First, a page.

at the top of the Paso Sistema Cristo Redentor
Colores (the hills of seven colours), the backdrop to the town of Purmamarca. Truly the barren hillsides here are an extraordinary array of reds, oranges, greys and even greens. After taking us through a cactus-strewn valley beyond Purmamarca, the road began to climb steeply, with vertiginous views below of the crevassed landscape. At the top of the pass, the road flattened out giving us a foretaste, had we known it, of the Bolivian Altiplano. This was to be the first of several days at high altitude and the road was giving us no breather now. For much of the day we remained at around 3,800m asl, peaking at 4,170m and dipping down, in the late afternoon, to San Pedro at 2,400m. Earlier, we’d had our first lesson on the use of the oxygen cylinder, and, sadly, it was to receive a fair amount of use in the next week.
Before we pulled over for lunch, we met our first salt flats. With a shallow covering of water, the reflections of the mountains beyond and a couple of tourist-attracting stone statues were crystal clear and perfect. Beyond the Argentine border post – the Chilean one is sensibly down in San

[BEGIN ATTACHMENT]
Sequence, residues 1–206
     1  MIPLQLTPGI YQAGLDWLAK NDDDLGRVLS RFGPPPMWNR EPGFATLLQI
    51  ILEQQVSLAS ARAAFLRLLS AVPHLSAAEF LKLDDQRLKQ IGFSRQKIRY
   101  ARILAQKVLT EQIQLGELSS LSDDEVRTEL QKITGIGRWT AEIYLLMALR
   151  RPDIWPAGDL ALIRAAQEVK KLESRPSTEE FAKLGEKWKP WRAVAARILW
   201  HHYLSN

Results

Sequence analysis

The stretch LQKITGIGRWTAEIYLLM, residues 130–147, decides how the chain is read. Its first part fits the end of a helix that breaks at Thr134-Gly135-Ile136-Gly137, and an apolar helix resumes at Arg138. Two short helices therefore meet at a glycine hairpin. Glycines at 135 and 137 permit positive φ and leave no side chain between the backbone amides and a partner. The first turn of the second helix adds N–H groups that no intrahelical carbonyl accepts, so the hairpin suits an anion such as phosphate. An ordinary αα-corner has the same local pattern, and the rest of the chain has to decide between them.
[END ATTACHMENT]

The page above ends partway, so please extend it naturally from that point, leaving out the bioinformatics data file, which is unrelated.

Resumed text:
Pedro, roughly 130 km beyond – the road led through the Reserva Natural Los Flamencos, with its gravel plains and salt lakes and red rocks – yes, and even the occasional flamingo. Then the road dipped down towards an extraordinary vista. I’m not sure I have ever seen a vista so vast. Even Mongolia could take a back seat to this one. As we wound down past more snow-capped volcanoes, the plains stretched out an improbable distance in all directions below, until they reached the foot of more mountains on the horizon. By the time we reached the immigration and customs office at San Pedro, the late afternoon light was tingeing the Andes pink: a painted backdrop to the dusty border town.
San Pedro de Atacama is a strange little town. At first sight, approaching from Argentina, it is a scruffy, dusty border town with little appeal, but drive into the centre – only a few blocks further – and its charm soon becomes evident. Thriving as a result of an upsurge in tourism to the area, it has a somewhat Mexican appearance, with low mud buildings and narrow streets. For the shopping-minded, it gave a first taste of
"camina sinuosa" as the roadsigns read